23 November 2009

Software Copyright vs. Software Patents

Here's an noteworthy story about the different kinds of protection that can be given to software:


Mit einer Stellungnahme vom 16.11.2009 (PDF) hat sich der Bundesverband Informations- und Kommunikationstechnologie e.V. (BIKT) zur anstehenden Urheberrechtsreform (dem so genannten “3. Korb”) geäußert. Der Brachenverband, der nach eigenen Angaben die Interessen von über 600 kleinen und mittelständischen Informations- und Kommunikationstechnologie (IKT-)-Lösungsanbietern auf nationaler und europäischer Ebene vertritt fordert von der Politik, dass der Urheberrechtsschutz an Computerprogrammen gestärkt und gegen Patente auf “computerimplementierte Erfindungen” (also Softwarepatente) abgesichert wird. Der Verband sieht die Interessen der Software-Urheber wegen eines Anstiegs von Softwarepatenterteilungen durch das Europäische Patentamt (EPA) in Gefahr.

BIKT weist in der Stellungnahme darauf hin, dass sich die internationale Politik beim Rechtsschutz für Computerprogramme bewusst für einen “copyright approach” und gegen einen “patent approach” entschieden habe. Ein paralleler Patentschutz, der sich an vielen Software-Patenten, die vom EPA gewährt würden, manifestiere, gefährde diese Entscheidung und die Integrität des Urheberrechtsschutzes am Programm. Er führe dazu, dass “Softwareautoren im Wirkungsbereich von Patenten an der wirtschaftlichen Nutzung ihrer eigenen Programme gehindert werden.”

[Via Google Translate: With an opinion (PDF), which was published on 16.11.2009, has the Federal Information and Communications Technology Association (BIKT) for the upcoming copyright reform (the so-called "3 Basket") expressed. The industry organization representing the interests of their own statements to over 600 small and medium-sized information and communication technology (ICT) solution providers at the national and European levels of politics requires that copyright protection for computer programs and strengthened against patents on "computer-implemented inventions" (ie software) is secured. The Association considers the interests of software authors because of the high inventory and further rise of software patents granted by the European Patent Office (EPO) in danger.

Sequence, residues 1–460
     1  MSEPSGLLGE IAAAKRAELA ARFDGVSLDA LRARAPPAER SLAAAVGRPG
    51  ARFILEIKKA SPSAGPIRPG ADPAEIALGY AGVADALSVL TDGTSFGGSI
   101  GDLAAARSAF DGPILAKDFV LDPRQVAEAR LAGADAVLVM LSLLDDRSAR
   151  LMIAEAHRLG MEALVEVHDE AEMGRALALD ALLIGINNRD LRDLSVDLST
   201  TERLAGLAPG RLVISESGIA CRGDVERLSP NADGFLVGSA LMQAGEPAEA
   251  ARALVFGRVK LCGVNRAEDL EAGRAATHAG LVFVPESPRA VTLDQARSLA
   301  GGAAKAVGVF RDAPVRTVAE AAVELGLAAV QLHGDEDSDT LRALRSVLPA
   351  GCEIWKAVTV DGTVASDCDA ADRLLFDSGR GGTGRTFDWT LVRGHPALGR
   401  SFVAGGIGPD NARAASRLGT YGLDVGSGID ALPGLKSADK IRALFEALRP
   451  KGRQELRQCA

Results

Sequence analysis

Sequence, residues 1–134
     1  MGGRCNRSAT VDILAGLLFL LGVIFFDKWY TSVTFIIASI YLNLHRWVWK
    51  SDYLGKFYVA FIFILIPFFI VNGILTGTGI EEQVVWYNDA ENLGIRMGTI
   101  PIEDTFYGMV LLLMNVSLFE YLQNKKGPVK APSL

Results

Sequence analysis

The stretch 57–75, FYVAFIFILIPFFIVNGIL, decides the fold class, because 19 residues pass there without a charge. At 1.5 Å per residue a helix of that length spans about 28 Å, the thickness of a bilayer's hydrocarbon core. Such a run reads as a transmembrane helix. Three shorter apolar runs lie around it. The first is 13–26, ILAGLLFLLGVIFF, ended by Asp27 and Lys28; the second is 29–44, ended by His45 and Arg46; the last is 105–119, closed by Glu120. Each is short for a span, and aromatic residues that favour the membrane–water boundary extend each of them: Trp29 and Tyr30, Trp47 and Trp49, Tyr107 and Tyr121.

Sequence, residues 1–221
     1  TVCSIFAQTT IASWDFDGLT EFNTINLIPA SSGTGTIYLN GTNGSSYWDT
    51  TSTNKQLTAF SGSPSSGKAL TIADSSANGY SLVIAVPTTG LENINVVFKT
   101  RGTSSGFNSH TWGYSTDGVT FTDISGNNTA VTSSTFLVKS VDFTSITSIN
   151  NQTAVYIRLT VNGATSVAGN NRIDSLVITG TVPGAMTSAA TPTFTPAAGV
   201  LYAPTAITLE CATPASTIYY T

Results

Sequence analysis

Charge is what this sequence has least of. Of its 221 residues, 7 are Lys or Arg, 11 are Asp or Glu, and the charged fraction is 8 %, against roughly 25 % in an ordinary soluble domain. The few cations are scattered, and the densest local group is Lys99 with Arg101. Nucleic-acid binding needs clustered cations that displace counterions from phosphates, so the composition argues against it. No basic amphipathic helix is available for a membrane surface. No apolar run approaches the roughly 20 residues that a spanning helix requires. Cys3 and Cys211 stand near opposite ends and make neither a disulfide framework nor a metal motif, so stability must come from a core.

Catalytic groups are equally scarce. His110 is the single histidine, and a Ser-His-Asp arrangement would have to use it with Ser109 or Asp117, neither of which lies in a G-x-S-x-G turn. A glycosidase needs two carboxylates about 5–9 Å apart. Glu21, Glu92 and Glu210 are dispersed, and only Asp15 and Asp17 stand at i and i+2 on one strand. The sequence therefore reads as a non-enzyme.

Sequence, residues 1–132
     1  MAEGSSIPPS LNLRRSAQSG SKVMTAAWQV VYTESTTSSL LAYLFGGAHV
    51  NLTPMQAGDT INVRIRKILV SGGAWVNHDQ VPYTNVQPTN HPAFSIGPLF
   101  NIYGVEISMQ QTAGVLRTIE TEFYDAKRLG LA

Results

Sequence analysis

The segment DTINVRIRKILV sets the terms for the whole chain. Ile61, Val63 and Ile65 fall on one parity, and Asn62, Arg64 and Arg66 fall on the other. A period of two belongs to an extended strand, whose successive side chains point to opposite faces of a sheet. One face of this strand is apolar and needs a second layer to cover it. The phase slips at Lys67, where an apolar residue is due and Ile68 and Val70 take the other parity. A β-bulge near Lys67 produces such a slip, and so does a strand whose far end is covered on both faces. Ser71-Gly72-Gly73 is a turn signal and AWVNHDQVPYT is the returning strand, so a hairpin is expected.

BIKT notes in the comments that are aware of international politics in legal protection for computer programs for a "copyright approach" and had decided against a "patent approach". A parallel patent protection, which manifests itself in many software patents that were granted by the EPO, the decision and threatens the integrity of copyright protection in the program. It leads to that "be prevented from software authors in the scope of patents in the economic exploitation of their own programs."]

What's interesting here is that this position - preferring copyright rather than patent protection - comes from small to medium-sized software companies, but aligns with that of the free software world, which depends on copyright for the efficacy of its licences, but cannot accommodate patents, because they act as a brake on sharing.

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4 comments:

Peter said...

Another huge problem are trade secrets. For instance, trade secrecy on how a file is formatted. When specifications are not fully published, it hampers interoperability efforts and keeps users from truly owning their data.

glyn moody said...

@Peter: yes, that's certainly another issue.

Anonymous said...

In April BIKT also wrote an amicus letter to EPA referring to EBA proceeding G 3/08 based on the same arguments. The press release and the amicus letter is available also in english under
http://www.bikt.de/pmdetail.html?&tx_ttnews[tt_news]=2&tx_ttnews[backPid]=75

glyn moody said...

Thanks - I'd missed that.